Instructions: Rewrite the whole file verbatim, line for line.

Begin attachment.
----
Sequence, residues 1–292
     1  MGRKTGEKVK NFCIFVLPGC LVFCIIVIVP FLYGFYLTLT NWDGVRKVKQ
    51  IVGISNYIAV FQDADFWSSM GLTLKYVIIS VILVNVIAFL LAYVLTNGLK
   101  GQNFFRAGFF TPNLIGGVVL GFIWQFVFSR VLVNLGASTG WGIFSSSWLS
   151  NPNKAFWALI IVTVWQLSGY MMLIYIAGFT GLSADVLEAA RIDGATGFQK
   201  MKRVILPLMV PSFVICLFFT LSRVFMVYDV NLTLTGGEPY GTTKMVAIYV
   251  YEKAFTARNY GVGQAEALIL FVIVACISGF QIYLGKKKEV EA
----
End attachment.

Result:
Sequence, residues 1–292
     1  MGRKTGEKVK NFCIFVLPGC LVFCIIVIVP FLYGFYLTLT NWDGVRKVKQ
    51  IVGISNYIAV FQDADFWSSM GLTLKYVIIS VILVNVIAFL LAYVLTNGLK
   101  GQNFFRAGFF TPNLIGGVVL GFIWQFVFSR VLVNLGASTG WGIFSSSWLS
   151  NPNKAFWALI IVTVWQLSGY MMLIYIAGFT GLSADVLEAA RIDGATGFQK
   201  MKRVILPLMV PSFVICLFFT LSRVFMVYDV NLTLTGGEPY GTTKMVAIYV
   251  YEKAFTARNY GVGQAEALIL FVIVACISGF QIYLGKKKEV EA